I just finished David Bodansky’s 600+ page tome Nuclear Energy. It’s almost a textbook, but not quite. I don’t know who the intended audience is really. Other than me. Similar genre, broadly, as The High Cost of Free Parking. A comprehensive overview of a technical topic, for those with a long attention span and no fear of numbers. I decided to read the book because of the recent turn toward nuclear power that some environmentalists have taken. There are many publics that react strongly, and negatively, to the idea, but I don’t trust public sentiment to be rational any more than I can manipulate it. Bodansky did an admirable job of remaining neutral throughout the book, on a topic that almost universally devolves into something resembling a religious debate. As a result of this reading, I’m much more positive (or rather, less negative) about nuclear energy than I was before. I think that my position, which I hope can count as an informed one, now closely resembles that of Ralph Cavanagh, as articulated in this debate with Peter Schwartz hosted by the Long Now Foundation.
The main questions I had coming into the book were:
Can nuclear energy be done responsibly?
What would it take for it to scale up meaningfully?
How would it compare in costs and risks to renewable energy sources, if it were done responsibly at scale?
The answers I came away with were that yes, it probably can be done responsibly, and at the scale necessary for it to be meaninful as a long term source of primary power globally. However, if it were to scale up responsibly in the long term, it seems that the associated costs would likely end up being greater than for renewable energy sources. So I guess I’m supportive of having the so-called “nuclear option” on the table, in competition with any other carbon free power source, with the significant caveat that the cost of the nuclear power being considered correspond to a responsible, long term, large scale deployment. The scenario I foresee needing to be avoided is ending up with an unfair comparison, between short-term and/or irresponsible and/or non-scalable nuclear power, and renewables — especially renewables as priced before the solar power industry has obtained whatever economies of scale there are to be had in their niche. One might be able to make a persuasive argument that we need to use nuclear power as a bridge between fossil fuels and renewables at scale, but I haven’t heard that argument made yet.
I finished reading Taleb’s second book, The Black Swan. He openly admits that it’s not really a new book, but a re-writing of his first book, Fooled by Randomness, which I loved. He’s gotten really incredibly lucky with the timing of his book releases… just before 9/11 and just before the stock market laid a giant turd on the doorstep of all the happytalk from Wall Street. Especially lucky when you take into account the fact that The Black Swan was at least 15 months late!
Taleb really has just one big idea, and in his own obnoxious way, he’s humble enough to admit it. His idea is that the world is less predictable than we think. That “rare” events are both systematically more likely that we believe them to be, and that their consequences are disproportionately large. He rails against the use of Gaussian distributions where they should not be used — against the mindless shoehorning of all kinds of processes into that bell shaped box, where they do not belong, and can do great damage.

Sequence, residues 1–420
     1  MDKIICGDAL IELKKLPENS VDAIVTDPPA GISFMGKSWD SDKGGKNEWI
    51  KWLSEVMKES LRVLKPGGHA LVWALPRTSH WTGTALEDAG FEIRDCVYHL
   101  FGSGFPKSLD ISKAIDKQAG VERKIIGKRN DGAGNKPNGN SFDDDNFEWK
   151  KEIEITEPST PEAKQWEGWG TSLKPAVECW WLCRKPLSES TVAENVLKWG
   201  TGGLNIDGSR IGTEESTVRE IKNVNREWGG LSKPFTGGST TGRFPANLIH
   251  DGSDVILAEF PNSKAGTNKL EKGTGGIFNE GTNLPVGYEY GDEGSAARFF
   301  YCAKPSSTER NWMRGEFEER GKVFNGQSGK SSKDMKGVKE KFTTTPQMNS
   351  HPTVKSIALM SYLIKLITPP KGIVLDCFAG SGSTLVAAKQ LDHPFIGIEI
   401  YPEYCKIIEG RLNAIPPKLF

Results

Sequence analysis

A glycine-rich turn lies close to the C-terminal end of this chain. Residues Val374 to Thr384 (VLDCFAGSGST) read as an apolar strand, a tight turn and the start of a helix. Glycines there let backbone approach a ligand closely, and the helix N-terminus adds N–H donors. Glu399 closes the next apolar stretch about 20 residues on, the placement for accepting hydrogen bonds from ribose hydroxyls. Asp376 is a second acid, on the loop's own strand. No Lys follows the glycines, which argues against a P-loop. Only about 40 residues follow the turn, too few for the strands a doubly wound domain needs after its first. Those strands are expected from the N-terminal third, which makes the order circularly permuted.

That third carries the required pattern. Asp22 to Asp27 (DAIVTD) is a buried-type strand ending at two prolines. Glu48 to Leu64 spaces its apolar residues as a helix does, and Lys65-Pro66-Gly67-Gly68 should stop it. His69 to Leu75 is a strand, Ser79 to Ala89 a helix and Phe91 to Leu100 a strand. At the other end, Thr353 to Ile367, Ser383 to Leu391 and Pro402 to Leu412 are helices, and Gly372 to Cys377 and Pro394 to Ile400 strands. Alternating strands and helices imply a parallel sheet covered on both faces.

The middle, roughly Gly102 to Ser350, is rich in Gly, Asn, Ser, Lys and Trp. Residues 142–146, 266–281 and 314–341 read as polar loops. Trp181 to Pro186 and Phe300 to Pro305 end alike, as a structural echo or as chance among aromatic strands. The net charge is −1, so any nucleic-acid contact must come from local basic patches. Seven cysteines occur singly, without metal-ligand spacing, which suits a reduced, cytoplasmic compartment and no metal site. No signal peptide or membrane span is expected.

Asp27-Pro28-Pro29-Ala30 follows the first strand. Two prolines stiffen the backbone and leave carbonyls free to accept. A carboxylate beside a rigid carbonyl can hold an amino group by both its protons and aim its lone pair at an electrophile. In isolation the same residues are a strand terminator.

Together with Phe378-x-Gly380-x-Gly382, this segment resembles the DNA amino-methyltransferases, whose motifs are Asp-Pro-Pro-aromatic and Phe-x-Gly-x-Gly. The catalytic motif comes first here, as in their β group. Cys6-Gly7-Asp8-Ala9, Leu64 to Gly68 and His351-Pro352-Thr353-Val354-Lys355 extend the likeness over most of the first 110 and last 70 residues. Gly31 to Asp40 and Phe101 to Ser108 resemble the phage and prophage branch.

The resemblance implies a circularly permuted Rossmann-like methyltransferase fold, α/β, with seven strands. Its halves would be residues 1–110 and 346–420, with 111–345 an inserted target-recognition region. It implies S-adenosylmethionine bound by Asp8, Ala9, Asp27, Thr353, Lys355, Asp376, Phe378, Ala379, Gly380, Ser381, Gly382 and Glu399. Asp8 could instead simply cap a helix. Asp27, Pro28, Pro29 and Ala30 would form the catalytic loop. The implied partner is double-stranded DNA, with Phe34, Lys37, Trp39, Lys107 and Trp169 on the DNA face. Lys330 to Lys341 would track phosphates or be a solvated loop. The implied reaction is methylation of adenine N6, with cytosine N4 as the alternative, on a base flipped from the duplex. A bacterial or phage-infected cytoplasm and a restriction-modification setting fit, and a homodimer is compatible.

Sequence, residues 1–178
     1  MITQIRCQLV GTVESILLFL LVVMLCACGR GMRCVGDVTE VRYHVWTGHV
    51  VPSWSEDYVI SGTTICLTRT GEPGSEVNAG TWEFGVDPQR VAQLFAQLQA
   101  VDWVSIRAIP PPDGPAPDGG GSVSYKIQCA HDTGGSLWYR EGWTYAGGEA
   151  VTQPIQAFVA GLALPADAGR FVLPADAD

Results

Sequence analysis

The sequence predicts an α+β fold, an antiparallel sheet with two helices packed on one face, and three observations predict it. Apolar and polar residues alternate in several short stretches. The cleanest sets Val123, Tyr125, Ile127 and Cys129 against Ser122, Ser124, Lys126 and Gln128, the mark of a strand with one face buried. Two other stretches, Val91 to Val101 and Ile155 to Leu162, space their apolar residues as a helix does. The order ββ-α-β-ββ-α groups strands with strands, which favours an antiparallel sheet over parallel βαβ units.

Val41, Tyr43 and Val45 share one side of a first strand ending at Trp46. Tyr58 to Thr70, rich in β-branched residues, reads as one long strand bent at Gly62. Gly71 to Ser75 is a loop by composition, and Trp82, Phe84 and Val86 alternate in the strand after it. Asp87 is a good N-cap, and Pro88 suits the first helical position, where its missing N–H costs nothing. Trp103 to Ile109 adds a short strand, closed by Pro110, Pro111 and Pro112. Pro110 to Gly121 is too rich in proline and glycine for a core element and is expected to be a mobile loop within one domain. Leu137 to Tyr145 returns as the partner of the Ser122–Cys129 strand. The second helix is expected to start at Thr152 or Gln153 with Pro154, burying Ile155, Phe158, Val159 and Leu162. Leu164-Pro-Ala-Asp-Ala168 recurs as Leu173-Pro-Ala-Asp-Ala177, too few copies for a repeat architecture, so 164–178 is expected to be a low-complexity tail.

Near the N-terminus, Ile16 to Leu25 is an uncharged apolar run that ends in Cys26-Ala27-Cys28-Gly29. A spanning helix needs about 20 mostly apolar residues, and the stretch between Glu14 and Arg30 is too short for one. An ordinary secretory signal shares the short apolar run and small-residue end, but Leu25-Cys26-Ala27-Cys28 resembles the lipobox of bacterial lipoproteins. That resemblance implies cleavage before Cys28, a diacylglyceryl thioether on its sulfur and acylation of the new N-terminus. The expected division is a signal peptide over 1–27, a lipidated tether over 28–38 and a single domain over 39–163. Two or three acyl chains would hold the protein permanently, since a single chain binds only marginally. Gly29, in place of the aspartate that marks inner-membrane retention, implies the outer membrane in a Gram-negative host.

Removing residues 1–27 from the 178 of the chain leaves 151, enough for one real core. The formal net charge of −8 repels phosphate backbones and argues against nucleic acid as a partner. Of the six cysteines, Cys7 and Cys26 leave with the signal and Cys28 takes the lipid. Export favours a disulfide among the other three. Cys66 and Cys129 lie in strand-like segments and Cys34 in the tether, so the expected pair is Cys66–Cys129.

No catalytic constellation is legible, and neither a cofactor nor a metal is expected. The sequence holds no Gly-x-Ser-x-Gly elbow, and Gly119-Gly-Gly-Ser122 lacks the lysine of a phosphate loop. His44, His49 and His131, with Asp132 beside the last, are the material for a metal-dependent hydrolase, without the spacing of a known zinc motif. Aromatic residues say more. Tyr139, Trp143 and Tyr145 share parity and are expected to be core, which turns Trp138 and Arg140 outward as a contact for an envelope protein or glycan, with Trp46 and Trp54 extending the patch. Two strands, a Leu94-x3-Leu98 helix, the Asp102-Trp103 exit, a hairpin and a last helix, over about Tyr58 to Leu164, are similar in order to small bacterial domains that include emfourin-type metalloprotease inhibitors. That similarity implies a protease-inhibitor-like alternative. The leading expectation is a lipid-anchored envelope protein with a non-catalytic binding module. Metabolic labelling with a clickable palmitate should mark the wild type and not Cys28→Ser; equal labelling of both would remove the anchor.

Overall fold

I think the main differences between this book and his prior one are that in this book, he provides a few short words on how he thinks we should live and plan, given that we live in an inherently, and increasingly, unpredictable world. That, and the fact that because of his prior book’s success, he was able to get away without having this book edited, apparently, at all (which I think may have been a mistake… but oh well). Anyway, his advice in a nutshell:
I’ve been doing some reading on Afghanistan. I am so glad I wasn’t born there. I’m going to read more, but ugh, I need a break.
The first book I read was A Thousand Splendid Suns, by Khaleed Hosseini, who also wrote The Kite Runner. It reminded me a little bit of One Hundred Years of Solitude. It’s intergenerational, it’s about a community, and it’s discontinuous – there are large spaces in time between the salient events which are conveyed. The style is also a little bit like the magical realism of Garcia Marquez, except that all the events really happened, and what makes them seem magical is how surreal they are. How surreal and awful.
When the Rivers Run Dry is a kind of modern, global Cadillac Desert, looking at present and future water issues around the world. I think in the end it was too ambitious, looking at too many individual situations superficially, without going into the details on how they came to be the way they are (which Cadillac Desert was able to do, since it focused only on the American West), and also without drawing enough insightful generalizations from the many different cases the author studied. It ended up feeling mostly like a dreary litany of mistakes painstakingly repeated in nation after nation, decade after decade, apparently without any learning going on. Often these projects were funded by the World Bank and other international “aid” organizations, or by powerful central governments. In both cases, the motivations often turned out to be short sighted and political or financial and had little to do with good engineering, productive agriculture, fisheries, or long term stability.